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I need some help from mah peeps

May 22, 2009

Okies readers, question for you:  Would you like to see the concept of hit points totally revisited to include injuries, or would you like hit points to remain just hit points — the number that goes down to show exactly how injured you are.

I ask this because I’m currently working on designing HP for my own pen and paper roleplaying game, and have two different concepts lying on the table.  One is the HP & Injury idea, where HP exists, but the focus is instead on injuries that can plague the character for long amounts of time.  This system makes the game much more complex, including different penalities for different types of injuries.

On the other side, my vision statement preaches simplicity and ease of access.  System 1 does not provide that, but instead provides an innovative mechanic that is innovative for the sake of being innovative.  Not the best reason to include something.  So, System 2 is just HP.  No other fancy additions, just some straight HP.  Perhaps injury can still be counted in this sytem, but it’s nowhere near as complex as the first system.
Comment away guys… I’m really interested in hearing your personal opinions on this one.

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5 comments

  1. Perhaps the Exalted-esque approach is the way to go. You could have the PC’s develop dramatically appropriate injuries at certain percentages of max HP (say 3/4, 1/2, and 1/4) and each additional level of injury takes X more time units to heal.

    I’d leave the specific types of injury at each level at “dramatically appropriate” but highlight a list of penalties for each region of the body (head, chest, arms, legs, waist, etc). This gives some sort of creative control to the GM and will (hopefully) keep each combat fresh and varied.


  2. I would say that it all depends on what type of setting you are having in your P&P Rpg, if it’s something along the lines of a dungeoncrawl monster bashing i would use just HP. But if it’s with a focus on ROLEplay then a more complex Damagechart would be prefered. In a game where fighting is common then simplicity is prefered, but if combat is rare, then complex is nicer. Since fighting always should be a dangerous thing to do, why not have a complex and wellthough dmg chart, that can cover things like sprains to broken bones and even severed limbs.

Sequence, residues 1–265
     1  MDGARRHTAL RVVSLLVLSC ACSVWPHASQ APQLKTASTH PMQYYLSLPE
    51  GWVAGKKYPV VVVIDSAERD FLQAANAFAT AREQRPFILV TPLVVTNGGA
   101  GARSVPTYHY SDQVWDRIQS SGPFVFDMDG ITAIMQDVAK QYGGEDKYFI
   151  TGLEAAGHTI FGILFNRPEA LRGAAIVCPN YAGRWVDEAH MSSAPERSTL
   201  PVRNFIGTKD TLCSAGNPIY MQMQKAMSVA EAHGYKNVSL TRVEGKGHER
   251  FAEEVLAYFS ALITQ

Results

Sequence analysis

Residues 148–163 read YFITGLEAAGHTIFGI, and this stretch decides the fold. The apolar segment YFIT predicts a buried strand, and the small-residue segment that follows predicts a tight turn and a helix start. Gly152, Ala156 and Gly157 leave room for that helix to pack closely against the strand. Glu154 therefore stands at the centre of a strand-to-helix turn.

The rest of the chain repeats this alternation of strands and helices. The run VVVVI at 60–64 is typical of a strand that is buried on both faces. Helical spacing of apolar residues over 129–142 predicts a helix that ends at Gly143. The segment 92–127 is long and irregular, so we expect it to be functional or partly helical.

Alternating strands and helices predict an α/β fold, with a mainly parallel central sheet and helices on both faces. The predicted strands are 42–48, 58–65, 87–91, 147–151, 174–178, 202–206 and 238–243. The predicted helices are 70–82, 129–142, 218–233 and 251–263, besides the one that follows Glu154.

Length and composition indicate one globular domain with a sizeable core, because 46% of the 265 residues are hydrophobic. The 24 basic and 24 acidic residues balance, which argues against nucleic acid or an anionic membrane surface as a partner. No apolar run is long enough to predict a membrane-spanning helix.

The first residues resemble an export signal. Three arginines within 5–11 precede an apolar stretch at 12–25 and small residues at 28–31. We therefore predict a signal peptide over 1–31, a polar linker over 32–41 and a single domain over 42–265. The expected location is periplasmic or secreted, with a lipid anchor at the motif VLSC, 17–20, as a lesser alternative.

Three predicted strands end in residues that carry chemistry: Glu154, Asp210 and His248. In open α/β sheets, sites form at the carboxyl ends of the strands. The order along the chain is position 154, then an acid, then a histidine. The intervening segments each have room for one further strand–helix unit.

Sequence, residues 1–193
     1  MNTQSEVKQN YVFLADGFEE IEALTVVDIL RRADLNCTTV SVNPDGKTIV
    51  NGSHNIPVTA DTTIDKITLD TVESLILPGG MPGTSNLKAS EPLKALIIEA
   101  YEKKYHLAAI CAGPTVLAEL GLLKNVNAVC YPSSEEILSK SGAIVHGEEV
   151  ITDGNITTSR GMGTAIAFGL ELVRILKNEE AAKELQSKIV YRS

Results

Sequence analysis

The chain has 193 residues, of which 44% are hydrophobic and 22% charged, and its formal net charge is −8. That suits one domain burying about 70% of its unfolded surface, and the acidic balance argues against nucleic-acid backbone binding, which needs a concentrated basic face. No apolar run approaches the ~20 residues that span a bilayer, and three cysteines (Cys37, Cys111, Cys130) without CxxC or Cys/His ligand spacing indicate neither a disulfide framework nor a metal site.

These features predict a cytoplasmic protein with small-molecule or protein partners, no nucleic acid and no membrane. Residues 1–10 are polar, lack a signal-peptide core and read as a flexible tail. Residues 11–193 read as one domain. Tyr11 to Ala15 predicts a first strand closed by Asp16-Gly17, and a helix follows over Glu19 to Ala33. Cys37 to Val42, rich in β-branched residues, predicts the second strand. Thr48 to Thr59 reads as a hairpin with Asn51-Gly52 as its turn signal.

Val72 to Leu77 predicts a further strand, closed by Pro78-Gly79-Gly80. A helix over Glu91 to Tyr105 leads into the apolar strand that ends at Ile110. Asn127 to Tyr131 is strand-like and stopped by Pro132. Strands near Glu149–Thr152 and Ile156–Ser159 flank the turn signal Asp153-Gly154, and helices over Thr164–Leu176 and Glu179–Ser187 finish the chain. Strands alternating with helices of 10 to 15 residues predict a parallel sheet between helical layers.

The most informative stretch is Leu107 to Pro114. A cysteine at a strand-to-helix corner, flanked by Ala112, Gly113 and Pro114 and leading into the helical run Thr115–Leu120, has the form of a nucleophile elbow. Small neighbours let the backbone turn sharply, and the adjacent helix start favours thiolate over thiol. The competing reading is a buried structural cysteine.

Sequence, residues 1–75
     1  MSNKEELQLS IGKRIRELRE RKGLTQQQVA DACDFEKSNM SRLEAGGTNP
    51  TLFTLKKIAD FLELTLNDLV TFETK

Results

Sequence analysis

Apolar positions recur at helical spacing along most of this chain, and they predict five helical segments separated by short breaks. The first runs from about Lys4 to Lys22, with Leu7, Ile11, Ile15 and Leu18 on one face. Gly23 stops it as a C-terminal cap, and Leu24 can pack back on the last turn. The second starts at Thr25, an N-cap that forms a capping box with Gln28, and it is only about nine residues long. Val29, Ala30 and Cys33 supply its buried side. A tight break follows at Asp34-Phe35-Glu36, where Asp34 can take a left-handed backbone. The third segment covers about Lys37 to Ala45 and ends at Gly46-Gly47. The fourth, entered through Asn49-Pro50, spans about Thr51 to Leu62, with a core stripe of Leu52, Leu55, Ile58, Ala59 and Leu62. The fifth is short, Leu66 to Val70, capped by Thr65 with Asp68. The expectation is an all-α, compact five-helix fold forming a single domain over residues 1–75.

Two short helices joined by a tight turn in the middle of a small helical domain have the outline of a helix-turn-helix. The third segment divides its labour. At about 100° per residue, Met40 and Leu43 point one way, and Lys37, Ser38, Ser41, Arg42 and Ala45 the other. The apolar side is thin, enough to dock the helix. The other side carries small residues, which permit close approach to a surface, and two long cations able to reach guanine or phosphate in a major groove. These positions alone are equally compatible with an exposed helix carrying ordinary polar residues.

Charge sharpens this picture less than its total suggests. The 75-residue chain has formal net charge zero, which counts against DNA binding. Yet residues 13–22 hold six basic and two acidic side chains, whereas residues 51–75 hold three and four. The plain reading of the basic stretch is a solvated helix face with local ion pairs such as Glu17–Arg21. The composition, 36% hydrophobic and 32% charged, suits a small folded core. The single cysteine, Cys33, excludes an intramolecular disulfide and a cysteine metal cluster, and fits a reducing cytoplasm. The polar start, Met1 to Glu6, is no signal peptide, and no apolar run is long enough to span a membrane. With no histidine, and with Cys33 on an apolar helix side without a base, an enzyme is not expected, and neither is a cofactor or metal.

As a GM I would use the more complex dmgchart, player characters do something outright stupid they are bound to get hurt. Leaping from rooftops to rooftops and one PC misses his jump roll, then he is bound to break a leg or worse if the fall is high enough, not just loose a set amount of HP from his character sheet.


  3. I agree with Joe Mello on his idea of having penalties for each region of the body. I also agree with Victor that if your game has a lot of fighting, complexity might not be as good of an idea. I think you could include injuries or wounds in either setting, just make them last half as long and half as complex if there is a lot of fighting. For instance in a game with a lot of fighting, a goblin slashes you and his dagger is a little rusty so for the next 4 turns you have 15% less HP or take 5hp damage every turn for the next 4 turns. If there isn’t much fighting then you could increase it to 30% or 10hp.

    Of course those values will have to be tested and refined to fit your game, but, theres my 2 cents.


  4. Ahh I didn’t mention that the values would have multipliers applied to them in the more complex scenario depending on which part of the body was hit.


  5. A step similar to the vitality/wounds system might work. So you have your “HP” that dwindles away, keeping combat fast, but when a character is low, they begin to take actual physical harm. I use systems like this for everything I do. I like vitality (the idea that the attacks don’t necessarily hit you but are close enough to “tire your spirit”) because it explains why a naked man is still alive after I’ve been swinging my axe at him for two minutes. Once a characters vitality is gone the attacks can begin to target specific body parts or whatever.



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